A team of researchers from the Helmholtz Institute Mainz (HIM) and the Johannes Gutenberg University Mainz (JGU) along with their colleagues from Max Planck Institute for Nuclear Physics, Heidelberg and GSI Helmholtz Center for Heavy Ion Research, Darmstadt, measured the magnetic properties of a single proton. For the first time, they observed spin quantum-jumps of a trapped proton.
The measuring principle used is to observe an individual proton present in an electromagnetic particle trap. Since the same method can be applied to observe an anti-proton, it has become possible to understand the matter-antimatter imbalance.
Like other particles, protons have a natural angular momentum or spinning tendency and a spin quantum jump could be correlated to the flip of a magnetic pole. Although measurement and comparison of magnetic moments of an electron and its anti-particles, the positron, have been achieved in the 1980s, measurements related to a proton was still in progress. The difficulty in detecting a proton spin is that its magnetic moment is 660 times smaller than that of an electron. It took almost five years for the researchers to reach a high precision result in measuring magnetic moments of proton and anti-proton.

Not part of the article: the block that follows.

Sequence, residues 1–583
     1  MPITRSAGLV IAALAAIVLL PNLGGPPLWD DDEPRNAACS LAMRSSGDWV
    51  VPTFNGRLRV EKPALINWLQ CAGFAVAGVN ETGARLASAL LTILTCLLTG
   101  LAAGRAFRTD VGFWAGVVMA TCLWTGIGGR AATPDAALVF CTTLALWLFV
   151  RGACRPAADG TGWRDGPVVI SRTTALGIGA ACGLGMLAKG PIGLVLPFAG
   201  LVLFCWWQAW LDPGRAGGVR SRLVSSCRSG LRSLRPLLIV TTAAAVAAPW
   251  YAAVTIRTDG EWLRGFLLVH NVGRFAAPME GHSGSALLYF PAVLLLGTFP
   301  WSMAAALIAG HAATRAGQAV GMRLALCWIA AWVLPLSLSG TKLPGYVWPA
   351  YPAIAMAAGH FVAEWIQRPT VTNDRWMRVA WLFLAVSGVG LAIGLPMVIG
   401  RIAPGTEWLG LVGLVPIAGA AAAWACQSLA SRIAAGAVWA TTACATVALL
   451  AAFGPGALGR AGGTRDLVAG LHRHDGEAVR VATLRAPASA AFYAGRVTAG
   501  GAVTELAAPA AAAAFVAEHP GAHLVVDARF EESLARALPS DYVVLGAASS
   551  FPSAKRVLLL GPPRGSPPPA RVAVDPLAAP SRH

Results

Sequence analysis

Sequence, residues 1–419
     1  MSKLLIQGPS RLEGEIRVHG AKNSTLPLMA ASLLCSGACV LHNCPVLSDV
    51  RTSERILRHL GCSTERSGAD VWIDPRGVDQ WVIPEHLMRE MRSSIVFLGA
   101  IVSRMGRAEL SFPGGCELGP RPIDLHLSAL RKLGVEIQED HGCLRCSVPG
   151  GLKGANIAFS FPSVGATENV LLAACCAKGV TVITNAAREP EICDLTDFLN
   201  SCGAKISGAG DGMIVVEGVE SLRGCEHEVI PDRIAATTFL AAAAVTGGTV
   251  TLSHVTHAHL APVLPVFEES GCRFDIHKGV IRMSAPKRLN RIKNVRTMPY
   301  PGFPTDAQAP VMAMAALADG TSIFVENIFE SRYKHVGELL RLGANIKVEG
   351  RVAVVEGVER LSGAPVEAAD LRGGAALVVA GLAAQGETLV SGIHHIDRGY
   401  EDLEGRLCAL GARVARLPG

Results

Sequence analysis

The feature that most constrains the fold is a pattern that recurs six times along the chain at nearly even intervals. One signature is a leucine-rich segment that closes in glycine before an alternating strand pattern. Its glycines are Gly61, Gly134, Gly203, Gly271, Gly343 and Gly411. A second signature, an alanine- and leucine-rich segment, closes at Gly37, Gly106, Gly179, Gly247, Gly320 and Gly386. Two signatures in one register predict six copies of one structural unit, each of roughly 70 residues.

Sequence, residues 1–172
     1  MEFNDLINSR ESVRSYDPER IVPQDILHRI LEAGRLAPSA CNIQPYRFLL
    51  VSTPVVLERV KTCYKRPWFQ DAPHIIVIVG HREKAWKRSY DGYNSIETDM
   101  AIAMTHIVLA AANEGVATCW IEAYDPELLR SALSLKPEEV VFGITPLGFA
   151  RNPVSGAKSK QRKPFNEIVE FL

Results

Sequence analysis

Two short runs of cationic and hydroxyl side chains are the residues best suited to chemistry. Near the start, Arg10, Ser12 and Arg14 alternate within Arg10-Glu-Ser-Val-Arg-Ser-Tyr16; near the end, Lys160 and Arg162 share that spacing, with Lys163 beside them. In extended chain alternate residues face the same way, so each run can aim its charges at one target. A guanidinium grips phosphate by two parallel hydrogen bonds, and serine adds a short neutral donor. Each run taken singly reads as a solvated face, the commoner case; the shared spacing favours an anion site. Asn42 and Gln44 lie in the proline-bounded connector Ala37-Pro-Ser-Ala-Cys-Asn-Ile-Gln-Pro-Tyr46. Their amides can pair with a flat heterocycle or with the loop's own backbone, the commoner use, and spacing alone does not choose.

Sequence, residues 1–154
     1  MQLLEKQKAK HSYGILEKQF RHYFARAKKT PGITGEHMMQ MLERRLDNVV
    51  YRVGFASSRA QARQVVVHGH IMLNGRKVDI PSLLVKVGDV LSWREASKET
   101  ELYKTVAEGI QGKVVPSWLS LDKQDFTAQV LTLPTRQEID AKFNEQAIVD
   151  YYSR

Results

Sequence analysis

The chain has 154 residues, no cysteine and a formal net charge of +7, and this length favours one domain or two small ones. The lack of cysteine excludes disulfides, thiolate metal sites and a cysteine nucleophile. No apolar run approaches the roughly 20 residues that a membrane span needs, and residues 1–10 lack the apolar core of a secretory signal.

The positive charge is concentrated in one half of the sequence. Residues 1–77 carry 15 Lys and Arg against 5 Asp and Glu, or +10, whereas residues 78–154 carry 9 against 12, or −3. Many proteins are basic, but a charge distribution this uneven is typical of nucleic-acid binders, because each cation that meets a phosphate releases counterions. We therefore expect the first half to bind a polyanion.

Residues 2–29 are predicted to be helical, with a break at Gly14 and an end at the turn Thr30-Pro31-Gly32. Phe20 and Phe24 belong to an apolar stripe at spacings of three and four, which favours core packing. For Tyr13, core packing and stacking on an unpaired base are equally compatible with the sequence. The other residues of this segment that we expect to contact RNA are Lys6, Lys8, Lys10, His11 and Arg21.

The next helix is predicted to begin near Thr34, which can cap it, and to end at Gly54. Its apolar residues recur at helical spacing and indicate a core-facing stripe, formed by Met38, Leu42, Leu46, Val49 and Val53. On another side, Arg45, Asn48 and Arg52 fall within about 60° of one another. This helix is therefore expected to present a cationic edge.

The magnetic moment of an anti-proton currently has three decimal points. The Mainz labs aim for an accurate measurement and analysis of matter-antimatter symmetry.
Matter-antimatter symmetry is a key part of the standard model of elementary physics. According to the standard model, particles and anti-particles will act similar when inversions of charge, parity, and time (CPT transformation) are applied at the same time. If the occurrence of this identical behavior is true, it would provide for further theories and studies in physics.